One of the culinary world’s biggest secrets has been revealed today and fried chicken will never be the same again, that’s right the mystery of Colonel Sander’s blend of 11 herbs and spices has been revealed.
The key to the delicious golden brown chicken has been a closely guarded secret since the 1940s but this week the Chicago Tribune published what it claims to be the recipe.
The key to the finger licking good chicken was apparently found in one of the Colonel’s relatives old scrap books, The Sun reports.
The official recipe is apparently locked away in a vault to keep it out of the hands of competitors and only shown to those who need to know it, kind of like Voldemort’s horcruxes only delicious.
In fact Colonel Sanders was so paranoid about protecting his secrets ( again much like Voldemort) that he planned on setting up two companies both with half the recipe so that no one would ever have access to the full recipe.
Now though the secret blend of spices may have been exposed to the world thanks to Sander’s nephew, Joe Ledington, discovering a scrapbook that belonged to Claudia Sanders, the Colonel’s second wife.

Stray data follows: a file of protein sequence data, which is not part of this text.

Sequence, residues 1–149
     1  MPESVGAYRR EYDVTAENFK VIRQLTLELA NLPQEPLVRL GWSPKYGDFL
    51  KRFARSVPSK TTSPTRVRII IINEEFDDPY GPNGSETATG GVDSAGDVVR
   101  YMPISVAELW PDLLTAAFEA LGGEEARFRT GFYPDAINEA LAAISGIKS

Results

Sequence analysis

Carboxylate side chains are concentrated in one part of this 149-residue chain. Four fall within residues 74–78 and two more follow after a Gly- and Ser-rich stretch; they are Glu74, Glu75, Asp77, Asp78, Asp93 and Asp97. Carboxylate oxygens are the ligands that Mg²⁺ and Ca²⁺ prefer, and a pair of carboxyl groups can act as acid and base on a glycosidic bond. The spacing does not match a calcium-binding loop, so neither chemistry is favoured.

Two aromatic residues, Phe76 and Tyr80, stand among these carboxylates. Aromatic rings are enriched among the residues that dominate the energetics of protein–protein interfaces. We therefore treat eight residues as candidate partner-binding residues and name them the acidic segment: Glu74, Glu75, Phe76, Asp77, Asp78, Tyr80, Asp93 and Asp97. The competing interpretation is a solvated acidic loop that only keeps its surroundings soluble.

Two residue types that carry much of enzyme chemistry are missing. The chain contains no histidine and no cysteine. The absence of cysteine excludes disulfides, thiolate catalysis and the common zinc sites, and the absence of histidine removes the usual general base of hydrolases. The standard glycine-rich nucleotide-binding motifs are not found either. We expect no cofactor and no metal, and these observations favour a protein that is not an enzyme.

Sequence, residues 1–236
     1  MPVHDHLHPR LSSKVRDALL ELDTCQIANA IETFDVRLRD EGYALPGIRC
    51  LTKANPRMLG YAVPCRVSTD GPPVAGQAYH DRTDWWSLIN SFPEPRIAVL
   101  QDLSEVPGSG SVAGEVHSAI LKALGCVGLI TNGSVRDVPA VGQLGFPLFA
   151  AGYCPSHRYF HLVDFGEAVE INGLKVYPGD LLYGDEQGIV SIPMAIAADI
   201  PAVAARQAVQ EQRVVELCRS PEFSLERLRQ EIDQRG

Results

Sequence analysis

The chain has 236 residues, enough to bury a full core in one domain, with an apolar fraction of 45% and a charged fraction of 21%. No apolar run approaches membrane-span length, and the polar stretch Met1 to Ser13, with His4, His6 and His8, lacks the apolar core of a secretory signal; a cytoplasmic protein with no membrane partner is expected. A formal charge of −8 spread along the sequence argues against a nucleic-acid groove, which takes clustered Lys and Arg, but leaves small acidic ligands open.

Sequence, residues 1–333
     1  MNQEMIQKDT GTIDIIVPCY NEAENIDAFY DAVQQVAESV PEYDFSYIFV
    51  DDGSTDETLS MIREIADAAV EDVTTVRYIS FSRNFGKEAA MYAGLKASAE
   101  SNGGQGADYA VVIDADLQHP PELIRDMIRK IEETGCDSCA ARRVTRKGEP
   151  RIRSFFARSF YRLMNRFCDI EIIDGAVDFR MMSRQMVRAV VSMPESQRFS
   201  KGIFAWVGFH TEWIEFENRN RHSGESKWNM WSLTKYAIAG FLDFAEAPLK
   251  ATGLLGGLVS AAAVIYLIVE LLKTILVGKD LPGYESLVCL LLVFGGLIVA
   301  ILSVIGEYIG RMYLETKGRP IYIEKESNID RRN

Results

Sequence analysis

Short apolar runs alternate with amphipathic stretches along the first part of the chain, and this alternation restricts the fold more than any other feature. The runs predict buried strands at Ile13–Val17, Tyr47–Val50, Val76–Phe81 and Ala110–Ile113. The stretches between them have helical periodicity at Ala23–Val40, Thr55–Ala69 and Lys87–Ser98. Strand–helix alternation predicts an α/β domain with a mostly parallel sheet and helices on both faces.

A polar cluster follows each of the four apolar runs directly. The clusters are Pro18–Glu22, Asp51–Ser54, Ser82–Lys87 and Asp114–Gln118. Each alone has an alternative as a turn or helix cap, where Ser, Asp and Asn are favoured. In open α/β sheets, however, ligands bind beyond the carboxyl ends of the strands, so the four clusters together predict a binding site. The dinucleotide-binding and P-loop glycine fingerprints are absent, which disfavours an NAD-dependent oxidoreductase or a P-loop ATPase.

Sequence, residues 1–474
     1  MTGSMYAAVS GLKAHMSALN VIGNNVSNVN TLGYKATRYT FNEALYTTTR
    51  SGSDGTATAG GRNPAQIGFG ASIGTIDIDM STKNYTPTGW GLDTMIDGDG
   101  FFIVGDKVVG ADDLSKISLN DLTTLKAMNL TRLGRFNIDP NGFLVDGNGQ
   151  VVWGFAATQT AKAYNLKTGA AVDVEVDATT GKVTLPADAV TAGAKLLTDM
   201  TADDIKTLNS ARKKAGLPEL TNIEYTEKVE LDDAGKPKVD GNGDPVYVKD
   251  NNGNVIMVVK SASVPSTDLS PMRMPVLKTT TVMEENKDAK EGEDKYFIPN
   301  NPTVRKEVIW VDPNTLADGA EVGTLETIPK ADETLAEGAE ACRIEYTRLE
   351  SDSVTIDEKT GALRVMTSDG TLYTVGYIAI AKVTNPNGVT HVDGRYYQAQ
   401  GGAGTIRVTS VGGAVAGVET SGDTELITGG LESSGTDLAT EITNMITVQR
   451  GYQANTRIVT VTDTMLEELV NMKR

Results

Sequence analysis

Inside the book they discovered a handwritten note with the recipe alongside Claudia’s will.
When asked if he believed it was really the Colonel’s recipe Joe said: ‘Yeah, I do’ before adding: “I don’t want to get in an argument with [KFC’s parent company] Yum! Brands about it but … I’m pretty sure that it’s pretty close to the original.”
Yum! Brands on the other hand have denied that its the real KFC recipe, so they won’t mind us publishing it…
Try and make your own KFC with this:
11 Spices – Mix With 2 Cups White Flour
1) 2/3 tsp Salt
2) 1/2 tsp Thyme
3) 1/2 tsp Basil
4) 1/3 tsp Oregano
5) 1 tsp Celery Salt
6) 1 tsp Black Pepper
7) 1 tsp Dried Mustard
8) 4 tsp Paprika
9) 2 tsp Garlic Salt
10) 1 tsp Ground Ginger
11) 3 tsp White Pepper
More of a concept than a journalist, Tom Percival was forged in the bowels of Salford University from which he emerged grasping a Masters in journalism.
Since then his rise has been described by himself as ‘meteoric’ rising to the esteemed rank of Social Editor at UNILAD as well as working at the BBC, Manchester Evening News, and ITV.
He credits his success to three core techniques, name repetition, personality mirroring, and never breaking off a handshake.